With the death of Pat Semple, Scotland has lost a highly accomplished and expressive artist. For over 40 years her paintings, drawings and prints earned her a glowing reputation and many admirers. She was also an inspirational teacher in schools across Scotland.
Patricia Frances Semple was born 3 July 1939 at Bromley in Kent, the only child of Neil Semple from Kintyre, and Frances Cox from Cardiff. She was often separated from her parents. Neil, a Marconi radio operator, spent long periods at sea until 1943, and was away for work even after he and Frances settled in Edinburgh.
Pat’s early education was mostly at the village school at Saddell in Kintyre, where she stayed with her beloved grandmother in a seaside cottage, and played with her cousins. Often she would wander alone, dreaming up stories and absorbing the views of the shoreline, sea and sky. Later she drew on her lasting memories and impressions in her painting, and she often revisited the scene. At the age of 11 she lost her ailing mother to tuberculosis, adding to a formative sense of insecurity.
Her artistic talent was recognised by the nuns at St Margaret’s Convent, Edinburgh, and aged 14 Pat determined to attend art school. After leaving Lasswade Secondary School in 1958 she studied drawing and painting at Edinburgh College of Art, where her contemporaries included John Bellany and her friend Barbara Rae. Among her most influential teachers were John Maxwell, Anne Redpath, Robin Phillipson, Denis Peploe and Derek Clarke. She made friends, threw herself into her training, gained confidence and felt herself accepted into a creative community, like “a small country with the same language, where we could be recognised and understand each other”.
In 1962 Pat benefited from a post-diploma travel bursary, then after training at Moray House began her first teaching job at her old school in 1964. Although she continued to live at home with her father, to whom she remained very close, she was leading an increasingly independent life with her circle of friends. Pat supported CND and once made a memorable visit to the Soviet Union. Later she was quietly pro-independence.
In 1970 she married her college contemporary, the sculptor and teacher Frank Pottinger, with whom she shared a love of artistic abstraction. In 1973 his job at Aberdeen College of Education took them to Torphins and later to Strathdon. They divorced in 1989.
From 1980 onwards Pat exhibited her paintings and drawings widely, sometimes collaborating with other artists, and was especially supported by galleries in Aberdeenshire and Tain. Her work depicted landscapes and often elusive or half-seen figures in ever-changing moods or transcendent states, sometimes broodingly dark, but with an increasingly vivid palette.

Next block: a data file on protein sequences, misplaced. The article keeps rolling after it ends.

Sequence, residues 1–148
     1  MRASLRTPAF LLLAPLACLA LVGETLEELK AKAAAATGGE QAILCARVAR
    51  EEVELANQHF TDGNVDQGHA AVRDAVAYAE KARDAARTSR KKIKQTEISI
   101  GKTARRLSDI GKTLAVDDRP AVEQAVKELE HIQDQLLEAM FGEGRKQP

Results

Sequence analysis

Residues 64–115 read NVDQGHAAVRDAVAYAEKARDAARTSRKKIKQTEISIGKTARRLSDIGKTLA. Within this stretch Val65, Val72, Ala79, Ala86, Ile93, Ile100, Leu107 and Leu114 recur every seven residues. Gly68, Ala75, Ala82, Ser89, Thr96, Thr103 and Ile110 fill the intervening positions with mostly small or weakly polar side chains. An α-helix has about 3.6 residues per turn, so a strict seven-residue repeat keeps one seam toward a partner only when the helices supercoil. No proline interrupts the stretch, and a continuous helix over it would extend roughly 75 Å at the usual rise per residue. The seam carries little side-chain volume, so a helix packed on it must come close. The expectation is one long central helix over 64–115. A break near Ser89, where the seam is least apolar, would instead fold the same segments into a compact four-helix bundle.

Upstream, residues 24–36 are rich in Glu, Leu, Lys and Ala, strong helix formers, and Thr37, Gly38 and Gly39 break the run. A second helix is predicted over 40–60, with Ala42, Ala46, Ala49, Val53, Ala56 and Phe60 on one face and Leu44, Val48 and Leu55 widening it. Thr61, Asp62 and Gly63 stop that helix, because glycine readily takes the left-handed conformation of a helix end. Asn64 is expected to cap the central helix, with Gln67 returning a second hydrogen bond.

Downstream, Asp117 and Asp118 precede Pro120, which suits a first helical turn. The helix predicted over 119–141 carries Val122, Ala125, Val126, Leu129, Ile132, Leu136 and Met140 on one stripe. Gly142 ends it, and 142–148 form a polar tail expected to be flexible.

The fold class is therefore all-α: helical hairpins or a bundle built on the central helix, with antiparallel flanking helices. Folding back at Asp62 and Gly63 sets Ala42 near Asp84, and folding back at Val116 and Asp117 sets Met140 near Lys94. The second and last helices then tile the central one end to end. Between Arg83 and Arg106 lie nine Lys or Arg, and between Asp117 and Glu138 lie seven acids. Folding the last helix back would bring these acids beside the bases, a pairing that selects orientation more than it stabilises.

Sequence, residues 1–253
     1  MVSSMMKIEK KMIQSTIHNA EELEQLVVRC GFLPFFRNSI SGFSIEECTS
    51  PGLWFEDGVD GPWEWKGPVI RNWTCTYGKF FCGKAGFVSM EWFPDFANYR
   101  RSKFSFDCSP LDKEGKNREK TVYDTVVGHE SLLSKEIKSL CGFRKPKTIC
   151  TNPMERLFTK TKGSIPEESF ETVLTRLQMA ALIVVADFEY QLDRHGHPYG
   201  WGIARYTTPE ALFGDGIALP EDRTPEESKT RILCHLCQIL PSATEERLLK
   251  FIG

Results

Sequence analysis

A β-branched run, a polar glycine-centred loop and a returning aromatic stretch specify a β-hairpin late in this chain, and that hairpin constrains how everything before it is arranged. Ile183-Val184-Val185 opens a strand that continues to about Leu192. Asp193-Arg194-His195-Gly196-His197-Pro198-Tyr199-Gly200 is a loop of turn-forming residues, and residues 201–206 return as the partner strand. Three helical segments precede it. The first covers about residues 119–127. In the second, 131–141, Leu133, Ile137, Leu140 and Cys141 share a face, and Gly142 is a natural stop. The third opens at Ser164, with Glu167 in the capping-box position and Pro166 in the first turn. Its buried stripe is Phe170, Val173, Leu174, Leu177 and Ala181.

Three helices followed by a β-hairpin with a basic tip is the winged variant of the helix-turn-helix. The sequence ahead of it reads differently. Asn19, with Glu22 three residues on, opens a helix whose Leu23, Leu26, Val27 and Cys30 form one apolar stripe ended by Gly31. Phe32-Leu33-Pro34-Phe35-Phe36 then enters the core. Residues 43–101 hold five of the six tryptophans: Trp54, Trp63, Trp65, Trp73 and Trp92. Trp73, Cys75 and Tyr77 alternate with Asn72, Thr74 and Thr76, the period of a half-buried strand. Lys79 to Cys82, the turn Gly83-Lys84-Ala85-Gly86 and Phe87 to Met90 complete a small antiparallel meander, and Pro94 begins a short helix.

She was inspired figuratively rather than literally by ancient landscapes and their inhabitants, and by her personal experiences. The Glasgow Herald perceptively observed that “her work shows an artist stretching out to touch elusive forces which she senses around her, in a style that is dramatic and of a visionary nature”. Pat later embraced Catholicism, which reinforced her spiritual perception of humanity and our earthly environment.
In 1987 she was elected to the Royal Scottish Society of Painters in Watercolour (RSW), and through it encountered her old tutor Derek Clarke. Their shared a love of the wild landscapes of Sutherland helped overcome an age difference of 27 years. After marrying in 1992 the initial base for their passionate and productive artistic partnership was at Kinlochbervie, and later near Tain, where they shared a studio in a converted outhouse. Her marriage brought her a ready-made family. We all loved her and in return experienced the loving warmth of a bohemian, stylish and beautiful stepmother and grandma.
Pat continued to inspire primary pupils at Alness and Invergordon with the joys of messy creativity in paint and papier-mâché, until diabetes forced her to stop in her late-50s. Finding it increasingly hard to manage her condition, continue her art and look after Derek, she made the hard decision to live separately.
This did not diminish her love for someone whom she regarded as her ‘lion’, and whose example still inspired her to fulfil her life as an artist. She frequently visited Derek in his Edinburgh studio and shared painting expeditions. After his death in 2014 it was a proud moment when she collected his MBE for services to art from the Queen at Holyrood.
Pat moved to Tain, finding her place in its artistic community and making joyful close friendships, for which she had a remarkable gift. Twenty happy and productive years followed until 2020, when she was diagnosed with dementia and required care. She died from a stroke. She is survived by three of her stepsons Christopher, Tristram and Andrew (Perro predeceasing her) their partners and five grandchildren, and her cousin John Martin.